with control.
Theories of decision making are divided into those that deal with
`large-' or `small'- world phenomena.\textsuperscript{39} In a small
world, time constraint is not an issue, decision-makers have access to
the best available evidence -- ideally from well-designed and powered
RCTs -- regarding all competing management alternatives, consequences
and probabilities. Signal detection theory is a prototype of the small
world theories and is a normative theory that provides a framework for
how people \emph{``should'' or ``ought to''} make their decisions and
draw inferences. (This is also known as the theory
of\emph{``ought''\textbf{).}} \textsuperscript{40-42}
In contrast, in a `large' or real-world context, decision-makers are
typically under time constraints, with limited knowledge about the
complete set of alternatives, consequences, and probabilities. This
means that making rational inferences requires adaptation to
environment/context (\emph{adaptive or ecological rationality} ) and
respecting epistemological, environmental and
computational\emph{constraints} of human brains.\textsuperscript{11,40}
Because finding the optimum solution to a given problem can be resource
and computationally intensive, adaptive behaviors typically rely
on\emph{satisficing} (finding a good enough solution), rather than
striving to find a ``perfect'' solution (via optimising/maximizing
procedures). \textsuperscript{40,43} The principle behind satisficing is
that there must exist \emph{a point (threshold)} at which obtaining more
information or engaging in more computation becomes overly costly and
thereby detrimental. Identifying this threshold, at which a
decision-maker should stop searching for more information, is often
accomplished by using ``heuristics''\textsuperscript{11} for
implementation of bounded rationality.\textsuperscript{44} The heuristic
theory of decision-making is a descriptive theory, which helps explain
how people \emph{actually} make their decisions (also known as theory
of\emph{``is''\textbf{).}} \textsuperscript{40-42} Surprisingly, simple
heuristic-based inferential and decision-making strategies are often
more accurate than more complex statistical models (the phenomenon known
as ``less-is-more'').\textsuperscript{11}
Recently, we\textsuperscript{12} and
others\textsuperscript{13,36}integrated small-world SDT with heuristics
decision-making to show how connecting apparently unrelated theories in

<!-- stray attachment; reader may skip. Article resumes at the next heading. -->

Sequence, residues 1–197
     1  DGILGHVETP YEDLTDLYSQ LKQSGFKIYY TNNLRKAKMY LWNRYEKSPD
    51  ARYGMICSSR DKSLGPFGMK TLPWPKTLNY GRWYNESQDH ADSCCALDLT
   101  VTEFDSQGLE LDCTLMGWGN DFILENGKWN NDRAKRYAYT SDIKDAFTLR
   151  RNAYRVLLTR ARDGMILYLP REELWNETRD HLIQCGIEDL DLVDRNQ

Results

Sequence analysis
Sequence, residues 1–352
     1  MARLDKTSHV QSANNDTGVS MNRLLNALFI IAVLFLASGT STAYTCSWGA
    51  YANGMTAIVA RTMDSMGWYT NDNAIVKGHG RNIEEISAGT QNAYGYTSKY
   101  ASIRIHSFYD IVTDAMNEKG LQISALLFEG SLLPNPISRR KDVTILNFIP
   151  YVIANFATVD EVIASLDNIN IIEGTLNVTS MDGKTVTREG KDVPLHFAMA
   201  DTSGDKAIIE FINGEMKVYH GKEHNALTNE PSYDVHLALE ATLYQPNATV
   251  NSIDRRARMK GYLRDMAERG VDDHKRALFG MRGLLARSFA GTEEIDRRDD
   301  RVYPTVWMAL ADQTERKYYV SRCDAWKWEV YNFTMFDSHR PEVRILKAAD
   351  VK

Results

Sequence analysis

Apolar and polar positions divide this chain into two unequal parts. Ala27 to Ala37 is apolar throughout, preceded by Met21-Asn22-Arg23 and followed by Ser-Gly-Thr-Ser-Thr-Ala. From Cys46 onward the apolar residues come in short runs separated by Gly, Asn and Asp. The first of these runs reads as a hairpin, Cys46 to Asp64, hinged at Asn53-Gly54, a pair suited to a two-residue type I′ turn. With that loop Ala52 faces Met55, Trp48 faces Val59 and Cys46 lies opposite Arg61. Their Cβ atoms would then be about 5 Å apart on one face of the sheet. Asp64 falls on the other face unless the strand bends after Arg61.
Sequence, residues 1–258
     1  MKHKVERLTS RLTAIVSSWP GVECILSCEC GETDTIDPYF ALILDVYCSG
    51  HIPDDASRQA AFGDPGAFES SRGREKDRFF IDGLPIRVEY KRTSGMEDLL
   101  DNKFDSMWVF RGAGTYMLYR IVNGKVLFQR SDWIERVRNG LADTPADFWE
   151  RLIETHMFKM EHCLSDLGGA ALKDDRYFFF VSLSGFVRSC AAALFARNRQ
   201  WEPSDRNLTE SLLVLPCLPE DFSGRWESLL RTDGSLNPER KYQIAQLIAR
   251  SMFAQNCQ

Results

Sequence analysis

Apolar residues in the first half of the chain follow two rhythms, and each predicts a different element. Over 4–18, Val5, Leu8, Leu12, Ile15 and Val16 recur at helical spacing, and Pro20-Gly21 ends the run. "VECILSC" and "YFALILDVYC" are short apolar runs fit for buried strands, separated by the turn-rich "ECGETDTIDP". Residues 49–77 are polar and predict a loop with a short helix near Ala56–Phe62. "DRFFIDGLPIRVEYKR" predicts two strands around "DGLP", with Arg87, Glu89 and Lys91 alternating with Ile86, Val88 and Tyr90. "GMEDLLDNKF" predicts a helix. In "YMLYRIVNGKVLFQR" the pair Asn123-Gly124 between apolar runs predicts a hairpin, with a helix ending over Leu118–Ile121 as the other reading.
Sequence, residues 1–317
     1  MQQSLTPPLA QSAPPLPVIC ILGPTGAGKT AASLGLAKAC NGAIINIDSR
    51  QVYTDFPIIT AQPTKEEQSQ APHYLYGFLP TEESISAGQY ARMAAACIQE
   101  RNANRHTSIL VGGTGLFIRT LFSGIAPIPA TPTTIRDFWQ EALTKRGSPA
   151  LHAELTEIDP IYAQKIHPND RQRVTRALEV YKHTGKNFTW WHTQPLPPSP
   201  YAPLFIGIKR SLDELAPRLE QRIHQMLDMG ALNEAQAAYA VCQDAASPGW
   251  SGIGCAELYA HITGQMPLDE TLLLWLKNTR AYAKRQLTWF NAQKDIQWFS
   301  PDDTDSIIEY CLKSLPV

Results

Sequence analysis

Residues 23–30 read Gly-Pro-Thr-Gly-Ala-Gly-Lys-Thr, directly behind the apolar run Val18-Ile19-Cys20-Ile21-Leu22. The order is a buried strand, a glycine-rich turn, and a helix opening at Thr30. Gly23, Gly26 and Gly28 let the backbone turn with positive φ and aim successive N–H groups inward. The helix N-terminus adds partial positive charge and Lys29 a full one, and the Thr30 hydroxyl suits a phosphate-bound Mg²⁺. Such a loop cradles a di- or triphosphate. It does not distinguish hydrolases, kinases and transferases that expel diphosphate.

different disciplines likely leads to discovery of new relationships. In
this paper, we extend the theory integration program\textsuperscript{45}
to the application of the Weber-Fechner law and recognition heuristics
in order to provide descriptive explanations of the decisions made by
the FDA and EMA to approve new treatments based on non-RCT studies
without further testing in RCTs. By integrating heuristic reasoning with
SDT, it is sometimes possible to derive \emph{``ought''} rule from
\emph{``is''}observations.\textsuperscript{40-42,46} That is, if had
observed high discriminability of Weber-Fechner, or recognition
heuristic, we may then argue that these empirically derived observations
may, in turn, be normatively used by drug developers and practitioners
alike: one log effect size magnitude could serve as a benchmark to
decide if further testing in RCTs should be pursued, or as a guide in
interpretation of the results reported in non-RCT studies.
Throughout this study, we found some support for ``one logarithm of
treatment magnitude'' rule, but we should acknowledge the study
limitations. First, the strength of evidence supporting high accuracy
related to the decision to pursue further RCTs based on the one log
effect size is moderate. Second, as discussed in the papers leading to
this one\textsuperscript{15,16}, in addition to effect size, other
factors play a role in the decision to grant licensing approval; these
seem to include issues such as approval for rare diseases where few
effective treatment exists, risk tolerance in the attempt to strike a
balance between failing to approve effective drugs and approving
ineffective or dangerous drugs \textsuperscript{47}, political pressures
like conflict of interest, feasibility of undertaking of RCTs, small
sample sizes and bias in the assessment of control event rates, as
outlined above.
Nevertheless, it is clear that the larger the effect size, the higher
the probability that treatments will be approved without further testing
in RCTs. \textsuperscript{15,16} When integration of multiple factors
are difficult people resort to heuristics, which are often defining
characteristics of psychology of decision-making.
\textsuperscript{10}However, one of the reasons that we could not
provide more definitive evidence related to the specific effect size
above which drugs should be approved based solely on non-RCT data is
that our database, even most comprehensive to date, is relatively small
(n=134). Mere exposure to ``dramatic effects'' does not account for the
mechanism of recognition heuristic.\textsuperscript{35} Rather, repeated
experience and internalization of the rule is required for the ease of
retrieval to rely on recognition for making inferences from memory about
the phenomenon of interest.\textsuperscript{35} We suspect that as
databases- and experience- with approval of drugs based on non-RCTs
increase, regulators and practicing physicians will encounter many more
instances that will help improve the quality of recognition memory and
the use of the methods described here will be more applicable.
Conclusions
We sought to address one of the most crucial clinical question in
contemporary clinical research: how large of an effect size is large
enough to circumvent the need for further RCTs testing by the regulatory
agencies? Our results suggest that drug developers can use the change in